One of my favorite bloggers showed me the future. And it frightened me.
I wasn't able to sleep last night after reading her open letter to the parents of Casey; one of the students she's encountered in her role as substitute teacher in a Texas classroom.
The letter starts with a little background: The child, one of the smallest and youngest in the second grade class, had moved into the area from another state over the summer. He’s left behind everything he knows, has made no friends and is getting penalized daily for being unprepared.
One of the penalties for not being prepared: The child must sit on a wall and watch as other children play at recess.
It seems only the child (and this teacher) cares that it matters not whether it was the child being forgetful or the parents being lame when they didn’t investigate his bag for homework. The hurt and embarrassment of having to sit out recess stings either way.
The premise is unmistakable: This boy’s parents are fucking up.
They are perpetually late. They are disorganized. They’ve not taught their kid how to pronounce words. They don’t sit and eat dinner together. They have not made his education their priority, or even a distant second.
They make excuses rather than remedies. They send notes begging for leniency for their son, whose homework got misplaced under a bunch of crap that should have been sorted out by now. They didn’t think to correct their son’s pronunciation, probably because “fought” is so much cuter that “thought” in toddlerhood. Or maybe they thought a teacher would just sort all that stuff out.
I suppose it was this teacher's last line that hit me the hardest:
“Be the parents ... so we can get back to being his teachers.”
At that moment, I pictured Casey’s mom, and decided she probably looked a lot like me.
I felt the disorganization of being in unfamiliar territory. I felt the terror of the knowledge that the hours I work are not entirely conducive of conventional life. Dinner won’t ever happen until after 7 p.m. When will homework get done? I don’t even want to think about the commute.
Will I have to quit my job? If I do will we have enough money? How will we get health insurance if my job disappears? What if my husband gets hurt on the job? How will we save for college? None of the basics seems so basic anymore.
And then there’s making friends. I am the last person who can teach my child how to make friends.
I’ve lived in my town for nearly 10 years now. I’ve gone to community events. I’ve volunteered. I’ve invited people over for parties and dinners and cookouts. The friendships haven’t materialized.
It’s probably me. I suppose I’m the same person I was when I was in second grade: the same little girl who’d bend over backwards to have someone take notice. I’d give away any Barbie in my collection – Hell, you could have them all – if you’d just be my friend. No one wanted my Barbies then. It shouldn't suprise me they don't want my potato salad now.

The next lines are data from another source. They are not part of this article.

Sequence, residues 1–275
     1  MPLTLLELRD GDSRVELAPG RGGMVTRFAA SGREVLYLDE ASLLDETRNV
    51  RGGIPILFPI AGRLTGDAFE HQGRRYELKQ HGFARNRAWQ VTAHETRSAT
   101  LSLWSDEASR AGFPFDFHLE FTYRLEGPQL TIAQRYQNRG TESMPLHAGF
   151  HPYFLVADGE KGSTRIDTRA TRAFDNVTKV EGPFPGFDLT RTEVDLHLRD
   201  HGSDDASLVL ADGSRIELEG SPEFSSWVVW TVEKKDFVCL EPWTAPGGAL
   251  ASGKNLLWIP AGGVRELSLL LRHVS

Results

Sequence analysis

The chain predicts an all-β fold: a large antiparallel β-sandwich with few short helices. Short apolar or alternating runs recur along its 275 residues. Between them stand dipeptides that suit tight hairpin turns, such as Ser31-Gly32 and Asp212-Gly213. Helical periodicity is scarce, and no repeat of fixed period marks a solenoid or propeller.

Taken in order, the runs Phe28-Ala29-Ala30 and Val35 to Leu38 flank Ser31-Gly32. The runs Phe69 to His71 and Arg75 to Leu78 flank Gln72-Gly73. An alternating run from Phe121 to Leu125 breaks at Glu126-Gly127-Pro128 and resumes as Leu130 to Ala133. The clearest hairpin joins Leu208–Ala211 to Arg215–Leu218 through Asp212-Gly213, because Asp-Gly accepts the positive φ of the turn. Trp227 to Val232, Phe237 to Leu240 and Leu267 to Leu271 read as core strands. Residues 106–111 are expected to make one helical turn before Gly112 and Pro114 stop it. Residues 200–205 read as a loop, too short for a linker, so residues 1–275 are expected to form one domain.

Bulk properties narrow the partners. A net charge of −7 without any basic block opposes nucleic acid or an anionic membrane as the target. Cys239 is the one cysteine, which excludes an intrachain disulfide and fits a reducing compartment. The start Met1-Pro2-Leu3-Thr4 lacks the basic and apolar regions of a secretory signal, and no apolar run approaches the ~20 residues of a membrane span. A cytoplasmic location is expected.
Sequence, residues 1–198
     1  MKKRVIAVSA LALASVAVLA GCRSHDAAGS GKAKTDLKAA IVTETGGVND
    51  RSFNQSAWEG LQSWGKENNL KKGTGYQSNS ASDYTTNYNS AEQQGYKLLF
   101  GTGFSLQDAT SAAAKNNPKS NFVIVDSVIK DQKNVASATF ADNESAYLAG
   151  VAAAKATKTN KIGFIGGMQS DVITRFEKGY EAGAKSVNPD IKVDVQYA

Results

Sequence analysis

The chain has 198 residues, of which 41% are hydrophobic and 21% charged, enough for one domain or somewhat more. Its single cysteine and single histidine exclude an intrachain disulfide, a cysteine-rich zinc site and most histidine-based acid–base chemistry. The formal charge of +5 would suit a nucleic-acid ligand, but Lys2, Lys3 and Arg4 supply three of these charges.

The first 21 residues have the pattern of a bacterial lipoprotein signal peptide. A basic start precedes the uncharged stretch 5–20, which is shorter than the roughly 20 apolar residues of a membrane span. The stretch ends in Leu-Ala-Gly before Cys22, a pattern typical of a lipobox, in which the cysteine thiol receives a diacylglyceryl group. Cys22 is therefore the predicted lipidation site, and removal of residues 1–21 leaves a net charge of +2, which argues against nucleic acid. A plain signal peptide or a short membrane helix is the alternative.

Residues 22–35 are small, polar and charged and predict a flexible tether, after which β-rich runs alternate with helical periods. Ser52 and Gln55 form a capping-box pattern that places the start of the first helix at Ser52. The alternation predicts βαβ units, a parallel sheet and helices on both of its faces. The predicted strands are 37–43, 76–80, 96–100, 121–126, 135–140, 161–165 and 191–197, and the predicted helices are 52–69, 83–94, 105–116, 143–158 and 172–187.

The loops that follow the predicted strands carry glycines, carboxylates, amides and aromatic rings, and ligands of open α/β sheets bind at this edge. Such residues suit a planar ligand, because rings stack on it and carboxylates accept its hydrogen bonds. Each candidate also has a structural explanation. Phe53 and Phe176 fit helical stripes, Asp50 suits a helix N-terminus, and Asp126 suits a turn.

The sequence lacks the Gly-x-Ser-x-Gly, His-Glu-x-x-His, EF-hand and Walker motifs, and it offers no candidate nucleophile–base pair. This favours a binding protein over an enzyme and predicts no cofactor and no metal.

It's true that we've lived here longer than we've even been parents, but we spend most of our time in other places. Our children have even gone to other towns for preschools and daycare. Come next September, when the reality of Kindergarten comes to pass, we will all feel as if we just moved from other place entirely.
But even in my own awkwardness, I don't think I'm alone.
I am not the only one who commutes or gets home after dark. No one else is at the park on weekday evenings. Playgroups don’t meet on weekends, they didn't even meet in the summer when I was last on maternity leave. Only laundry sees me eye to eye.
I think about how long it takes a person to settle in, and I realize it could be a lifetime. I suppose the neighborhood 'Welcome Wagons' have always been an idyllic convention of Hollywood. That's what churches are for, heathen.
We've all said it before: "Why are people so idiotic?"
We wonder with our pointy fingers, "Why can't they see that their children should take priority? It doesn't take much; just a little more attentiveness."
But wanting change doesn’t make it happen, just like wanting my husband to take the recycling to the curb won't actually get it there. Screaming and ranting generally don't produce desired results either. But figuring out what will work just isn't fair to me ... especially when I'll just end up taking it to the curb myself anyway.
There’s no such thing as an even playing field, no matter how much we’d like it to be. Love doesn't always mean logic.
There’s always going to be someone out there who doesn’t play by the rules, or who doesn’t realize the importance of the rules. There’s always going to be the people who do it all wrong, and whom clobbering over the head will only build up resistance not effect change.
I suppose what frightens me most is that there is that Casey really is the victim in all of this. He’ll find himself fighting two systems, at home and at school. Home where time is too short; and school where there are few accommodations for the basic failures: there’s too much to cover already.
I have no answers. I just hang my head and hope I can manage to avoid receiving this letter.